Monday, September 18, 2006

An Inconvenient Statistic

The Burning of Smyrna, 1922From Gates of Vienna:
[…] At the beginning of the 20th century there were an estimated 4.5 million Christians in what is now Turkey, most of them Greek. In 1979 the Greek Orthodox population in Turkey was thought to be no more than 7,000, and is now down to about 2,000.

Where did all those Greeks go? Demetrios didn’t just turn to Sofia one day and say, “Darling, let’s load all our worldly goods onto the donkey cart and we’ll move to Athens or Thessalonica.” It’s not like Smyrna was proselytized by gentle imams who were so persuasive that the entire Greek population converted to Islam, gave up their Greek surnames, and took on Turkish ones instead.

No, Asia Minor was cleared of Greeks and Armenians in the traditional manner, by blood and fire, by the sword and the bullet, by rapine and looting and unimaginable slaughter. But this didn’t happen in 670, or 1084, or 1453, or 1683. It was in 1922, in the recently departed 20th century. It was the Rwanda and Darfur of the 1920s, and it occurred within living memory. Or it would be living, if the memory of it hadn’t been dumped down the oubliette along with all the other inconvenient facts that the bien-pensants would rather not think about.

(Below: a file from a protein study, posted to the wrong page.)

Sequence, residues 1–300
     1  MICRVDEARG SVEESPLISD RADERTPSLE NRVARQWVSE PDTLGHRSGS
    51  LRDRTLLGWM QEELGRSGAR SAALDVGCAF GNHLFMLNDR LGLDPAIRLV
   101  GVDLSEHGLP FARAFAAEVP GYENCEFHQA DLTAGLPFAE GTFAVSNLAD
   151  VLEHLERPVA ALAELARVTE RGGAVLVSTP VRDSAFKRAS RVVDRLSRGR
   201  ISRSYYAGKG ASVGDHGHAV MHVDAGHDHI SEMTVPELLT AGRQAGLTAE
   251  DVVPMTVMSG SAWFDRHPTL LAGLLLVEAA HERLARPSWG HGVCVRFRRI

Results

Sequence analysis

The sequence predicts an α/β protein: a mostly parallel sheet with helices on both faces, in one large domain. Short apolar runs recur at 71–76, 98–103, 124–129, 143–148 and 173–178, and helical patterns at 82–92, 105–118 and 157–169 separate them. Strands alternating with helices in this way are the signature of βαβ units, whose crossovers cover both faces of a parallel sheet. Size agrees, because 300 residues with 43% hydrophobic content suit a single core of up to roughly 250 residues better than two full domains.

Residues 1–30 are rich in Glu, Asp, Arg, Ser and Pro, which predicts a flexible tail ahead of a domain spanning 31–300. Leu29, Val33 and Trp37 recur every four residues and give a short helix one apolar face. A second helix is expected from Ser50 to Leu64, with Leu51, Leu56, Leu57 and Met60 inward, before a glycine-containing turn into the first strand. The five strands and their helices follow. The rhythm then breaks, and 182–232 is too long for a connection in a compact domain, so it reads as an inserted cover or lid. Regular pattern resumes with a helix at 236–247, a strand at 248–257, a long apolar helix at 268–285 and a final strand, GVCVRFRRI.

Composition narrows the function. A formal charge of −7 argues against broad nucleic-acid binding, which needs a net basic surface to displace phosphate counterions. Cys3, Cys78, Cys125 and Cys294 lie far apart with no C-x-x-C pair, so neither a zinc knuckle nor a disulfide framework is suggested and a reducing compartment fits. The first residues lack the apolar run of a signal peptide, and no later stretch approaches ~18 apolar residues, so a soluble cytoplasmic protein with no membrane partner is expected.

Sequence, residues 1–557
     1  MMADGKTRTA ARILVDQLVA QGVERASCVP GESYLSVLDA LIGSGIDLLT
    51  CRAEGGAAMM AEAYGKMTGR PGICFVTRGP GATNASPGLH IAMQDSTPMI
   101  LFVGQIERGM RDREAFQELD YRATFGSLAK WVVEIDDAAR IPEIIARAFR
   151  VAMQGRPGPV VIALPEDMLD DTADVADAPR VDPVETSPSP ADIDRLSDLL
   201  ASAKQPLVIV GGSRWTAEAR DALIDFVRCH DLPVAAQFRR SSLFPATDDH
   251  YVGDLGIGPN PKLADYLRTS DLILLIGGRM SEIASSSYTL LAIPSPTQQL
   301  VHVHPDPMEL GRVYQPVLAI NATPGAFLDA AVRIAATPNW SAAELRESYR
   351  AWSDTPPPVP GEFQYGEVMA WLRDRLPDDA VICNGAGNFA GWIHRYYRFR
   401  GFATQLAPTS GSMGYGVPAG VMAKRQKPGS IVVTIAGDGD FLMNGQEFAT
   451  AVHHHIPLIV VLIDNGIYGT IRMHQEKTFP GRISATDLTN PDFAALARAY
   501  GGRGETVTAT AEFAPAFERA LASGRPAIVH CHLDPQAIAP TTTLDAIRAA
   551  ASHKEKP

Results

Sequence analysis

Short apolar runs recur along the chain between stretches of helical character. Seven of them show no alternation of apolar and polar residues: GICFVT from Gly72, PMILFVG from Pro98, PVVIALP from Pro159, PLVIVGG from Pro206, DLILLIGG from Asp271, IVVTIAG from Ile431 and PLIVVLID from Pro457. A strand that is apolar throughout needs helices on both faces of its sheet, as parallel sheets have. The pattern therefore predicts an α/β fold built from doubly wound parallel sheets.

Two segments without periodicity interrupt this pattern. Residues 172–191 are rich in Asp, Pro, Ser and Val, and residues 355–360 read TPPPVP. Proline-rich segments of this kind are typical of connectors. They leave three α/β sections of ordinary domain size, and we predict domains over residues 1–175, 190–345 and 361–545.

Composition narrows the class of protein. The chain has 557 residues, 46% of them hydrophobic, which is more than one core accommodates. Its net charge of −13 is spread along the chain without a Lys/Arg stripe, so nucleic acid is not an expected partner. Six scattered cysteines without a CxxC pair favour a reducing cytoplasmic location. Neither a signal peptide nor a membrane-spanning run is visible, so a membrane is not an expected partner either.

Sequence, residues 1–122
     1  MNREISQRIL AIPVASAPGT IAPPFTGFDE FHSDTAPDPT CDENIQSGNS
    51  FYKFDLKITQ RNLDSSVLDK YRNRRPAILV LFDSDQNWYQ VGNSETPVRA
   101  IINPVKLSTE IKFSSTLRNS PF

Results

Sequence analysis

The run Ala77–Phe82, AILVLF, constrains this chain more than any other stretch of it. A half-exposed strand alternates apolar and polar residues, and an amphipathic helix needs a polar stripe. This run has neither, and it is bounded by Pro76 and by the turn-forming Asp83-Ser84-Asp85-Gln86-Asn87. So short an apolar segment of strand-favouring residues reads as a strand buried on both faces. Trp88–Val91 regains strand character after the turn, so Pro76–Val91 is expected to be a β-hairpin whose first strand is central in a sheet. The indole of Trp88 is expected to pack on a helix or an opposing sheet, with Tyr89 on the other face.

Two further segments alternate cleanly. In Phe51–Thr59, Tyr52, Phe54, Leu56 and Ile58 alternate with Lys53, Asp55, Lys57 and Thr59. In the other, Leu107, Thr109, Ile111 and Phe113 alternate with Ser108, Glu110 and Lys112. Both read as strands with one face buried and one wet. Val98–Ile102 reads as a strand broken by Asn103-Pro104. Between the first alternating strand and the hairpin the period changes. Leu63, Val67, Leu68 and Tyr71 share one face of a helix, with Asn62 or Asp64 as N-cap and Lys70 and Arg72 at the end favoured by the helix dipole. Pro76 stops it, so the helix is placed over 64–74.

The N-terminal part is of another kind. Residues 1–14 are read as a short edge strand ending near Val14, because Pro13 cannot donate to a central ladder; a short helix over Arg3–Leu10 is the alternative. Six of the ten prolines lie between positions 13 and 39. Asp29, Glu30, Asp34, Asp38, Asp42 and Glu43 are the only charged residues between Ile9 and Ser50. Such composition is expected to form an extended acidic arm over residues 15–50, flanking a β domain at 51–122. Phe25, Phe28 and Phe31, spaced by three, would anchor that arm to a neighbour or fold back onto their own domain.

Just something to think about, while you watch the Islamofascists riot, pillage, and burn because someone actually dared to criticize them.

(The picture is the burning of Smyrna, 84 years ago last Sunday. 400,000 Christians fled for their lives. 190,000 were never accounted for.)